Two prominent European leaders are scheduled to travel to the capitals of Russia and Ukraine in the coming days for talks with their counterparts about diplomatic measures to ease the growing tensions surrounding Moscow’s potential invasion of Ukraine.
French President Emmanuel Macron is due in Moscow on Monday and Kyiv on Tuesday. The following week, Germany’s Olaf Scholz is set to visit Kyiv on Feb. 14 and Moscow on Feb. 15.
According to a New York Times report, while Russia’s troops in Ukraine are not ready to launch a total invasion of Ukraine, sections of its army “appear to be in the final stages of readiness for military action should the Kremlin order it.”
Moscow has dispatched an additional 10,000 troops to the region, the Times said, in addition to the thousands of troops already deployed to the area.
Meanwhile, the White House dismissed a Friday meeting between Chinese President Xi Jinping and Russian President Vladimir Putin in which the leaders unveiled a strategic alliance geared against the U.S.
“What we have control over is our own relationships and the protection of our own values and also looking for ways to work with countries even where we disagree,” White House press secretary Jen Psaki told reporters during her briefing.
In the meeting, Xi endorsed Putin’s demands to end NATO expansion and get security guarantees from the West, issues that have led to Russia’s standoff with the United States and its allies over Ukraine. Meanwhile Moscow voiced its support for Beijing’s stance that Taiwan is an inalienable part of China.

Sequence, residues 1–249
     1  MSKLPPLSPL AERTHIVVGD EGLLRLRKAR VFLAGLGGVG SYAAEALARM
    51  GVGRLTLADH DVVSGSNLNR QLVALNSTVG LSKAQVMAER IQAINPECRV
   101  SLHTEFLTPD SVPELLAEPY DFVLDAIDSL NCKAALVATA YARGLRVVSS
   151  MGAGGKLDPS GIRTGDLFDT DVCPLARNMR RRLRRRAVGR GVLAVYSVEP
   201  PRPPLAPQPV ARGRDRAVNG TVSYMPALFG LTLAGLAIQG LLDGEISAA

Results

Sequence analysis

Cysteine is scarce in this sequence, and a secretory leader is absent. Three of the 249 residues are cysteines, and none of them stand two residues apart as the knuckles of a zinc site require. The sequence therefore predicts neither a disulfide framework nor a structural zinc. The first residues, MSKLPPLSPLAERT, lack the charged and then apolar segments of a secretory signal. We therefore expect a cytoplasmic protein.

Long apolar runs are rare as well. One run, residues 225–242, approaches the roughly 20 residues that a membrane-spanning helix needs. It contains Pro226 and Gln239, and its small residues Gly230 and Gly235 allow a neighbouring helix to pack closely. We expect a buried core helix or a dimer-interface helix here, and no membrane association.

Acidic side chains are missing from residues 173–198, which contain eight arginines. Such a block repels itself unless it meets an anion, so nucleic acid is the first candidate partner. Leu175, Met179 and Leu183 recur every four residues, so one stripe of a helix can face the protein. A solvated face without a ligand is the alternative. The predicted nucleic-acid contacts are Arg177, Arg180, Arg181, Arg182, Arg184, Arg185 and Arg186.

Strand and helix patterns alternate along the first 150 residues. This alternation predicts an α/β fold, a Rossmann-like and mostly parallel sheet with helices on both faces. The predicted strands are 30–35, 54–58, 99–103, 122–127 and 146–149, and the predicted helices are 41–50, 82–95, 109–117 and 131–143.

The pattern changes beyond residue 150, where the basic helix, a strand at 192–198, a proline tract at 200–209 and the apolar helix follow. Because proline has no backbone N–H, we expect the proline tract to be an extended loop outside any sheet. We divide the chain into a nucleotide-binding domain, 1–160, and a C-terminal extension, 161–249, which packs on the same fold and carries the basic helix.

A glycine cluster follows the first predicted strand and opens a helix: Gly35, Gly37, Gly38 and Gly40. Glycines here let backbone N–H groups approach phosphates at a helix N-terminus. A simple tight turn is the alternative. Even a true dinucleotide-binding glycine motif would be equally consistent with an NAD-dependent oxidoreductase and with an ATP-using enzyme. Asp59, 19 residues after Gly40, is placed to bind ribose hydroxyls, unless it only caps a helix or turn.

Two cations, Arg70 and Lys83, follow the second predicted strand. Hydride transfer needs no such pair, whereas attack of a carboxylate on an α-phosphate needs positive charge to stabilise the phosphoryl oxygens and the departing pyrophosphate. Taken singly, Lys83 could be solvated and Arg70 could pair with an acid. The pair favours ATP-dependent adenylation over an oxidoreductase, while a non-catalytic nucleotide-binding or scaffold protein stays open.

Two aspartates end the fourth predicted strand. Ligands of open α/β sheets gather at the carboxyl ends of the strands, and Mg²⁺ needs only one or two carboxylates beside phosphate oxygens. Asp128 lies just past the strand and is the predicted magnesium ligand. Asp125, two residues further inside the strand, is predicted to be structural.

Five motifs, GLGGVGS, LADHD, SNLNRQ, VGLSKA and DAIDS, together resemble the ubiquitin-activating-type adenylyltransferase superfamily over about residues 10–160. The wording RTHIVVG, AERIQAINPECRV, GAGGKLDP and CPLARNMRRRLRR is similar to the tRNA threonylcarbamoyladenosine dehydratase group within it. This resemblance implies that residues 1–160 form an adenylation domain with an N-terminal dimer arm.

The two leaders met at Beijing’s Diaoyutai State Guesthouse Friday afternoon, according to China’s state broadcaster CCTV, hours before the beginning of the Beijing Winter Olympics, which diplomats from the U.S., Britain and other countries are boycotting over human rights abuses.
The broadcaster did not provide details of the meeting, but Xi and Putin, both of whom have been criticized by the U.S. for their foreign and domestic policies, issued a joint statement underscoring their displeasure with “interference in the internal affairs” of other countries.
The joint statement proclaimed a new China-Russia strategic “friendship” that “has no limits” and no “forbidden areas of cooperation.”
U.S. Secretary of State Antony Blinken spoke by phone Friday with Ukrainian Foreign Minister Dmytro Kuleba to discuss Russia’s military buildup along Ukraine’s border and the threat of armed conflict.
He affirmed “the United States’ unwavering support for Ukraine’s sovereignty” and made clear the United States is willing to “impose swift and severe consequences on Russia if it chooses to escalate” the situation, according to a State Department statement.
On Thursday, a senior Biden administration official said the U.S. has information indicating that Russia has developed a plan to stage a false Ukrainian military attack on Russian territory and leverage it as a pretext for an attack against Ukraine.
Fabricating a video of such an attack is one of several options the Kremlin is formulating to give it an excuse to invade Ukraine, the official said.
“The video will be released to underscore a threat to Russia’s security and to underpin military operations,” said the official, who requested anonymity.
“This video, if released, could provide Putin the spark he needs to initiate and justify military operations against Ukraine,” the official added.
The official said the Biden administration is disclosing specifics about Russia’s alleged plans to dissuade Russia from carrying out such plans.
In an interview Thursday with MSNBC, U.S. deputy national security adviser Jonathan Finer said, “We don’t know definitively that this is the route they are going to take, but we know that this is an option under consideration.”
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